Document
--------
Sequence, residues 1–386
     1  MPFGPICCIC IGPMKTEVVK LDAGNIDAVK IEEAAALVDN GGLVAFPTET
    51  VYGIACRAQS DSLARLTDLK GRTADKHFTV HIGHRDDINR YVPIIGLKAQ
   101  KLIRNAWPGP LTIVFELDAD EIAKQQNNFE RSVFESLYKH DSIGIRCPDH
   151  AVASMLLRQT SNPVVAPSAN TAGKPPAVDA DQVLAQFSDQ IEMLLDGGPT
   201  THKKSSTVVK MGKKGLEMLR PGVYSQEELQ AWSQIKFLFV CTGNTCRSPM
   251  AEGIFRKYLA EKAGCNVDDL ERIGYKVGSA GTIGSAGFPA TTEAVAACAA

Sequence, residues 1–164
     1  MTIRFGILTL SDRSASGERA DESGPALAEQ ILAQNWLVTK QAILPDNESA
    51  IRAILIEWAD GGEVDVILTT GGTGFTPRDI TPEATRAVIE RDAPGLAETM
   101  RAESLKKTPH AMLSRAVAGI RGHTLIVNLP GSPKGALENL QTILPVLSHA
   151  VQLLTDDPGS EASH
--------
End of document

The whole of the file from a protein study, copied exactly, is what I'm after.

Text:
Sequence, residues 1–386
     1  MPFGPICCIC IGPMKTEVVK LDAGNIDAVK IEEAAALVDN GGLVAFPTET
    51  VYGIACRAQS DSLARLTDLK GRTADKHFTV HIGHRDDINR YVPIIGLKAQ
   101  KLIRNAWPGP LTIVFELDAD EIAKQQNNFE RSVFESLYKH DSIGIRCPDH
   151  AVASMLLRQT SNPVVAPSAN TAGKPPAVDA DQVLAQFSDQ IEMLLDGGPT
   201  THKKSSTVVK MGKKGLEMLR PGVYSQEELQ AWSQIKFLFV CTGNTCRSPM
   251  AEGIFRKYLA EKAGCNVDDL ERIGYKVGSA GTIGSAGFPA TTEAVAACAA

Sequence, residues 1–164
     1  MTIRFGILTL SDRSASGERA DESGPALAEQ ILAQNWLVTK QAILPDNESA
    51  IRAILIEWAD GGEVDVILTT GGTGFTPRDI TPEATRAVIE RDAPGLAETM
   101  RAESLKKTPH AMLSRAVAGI RGHTLIVNLP GSPKGALENL QTILPVLSHA
   151  VQLLTDDPGS EASH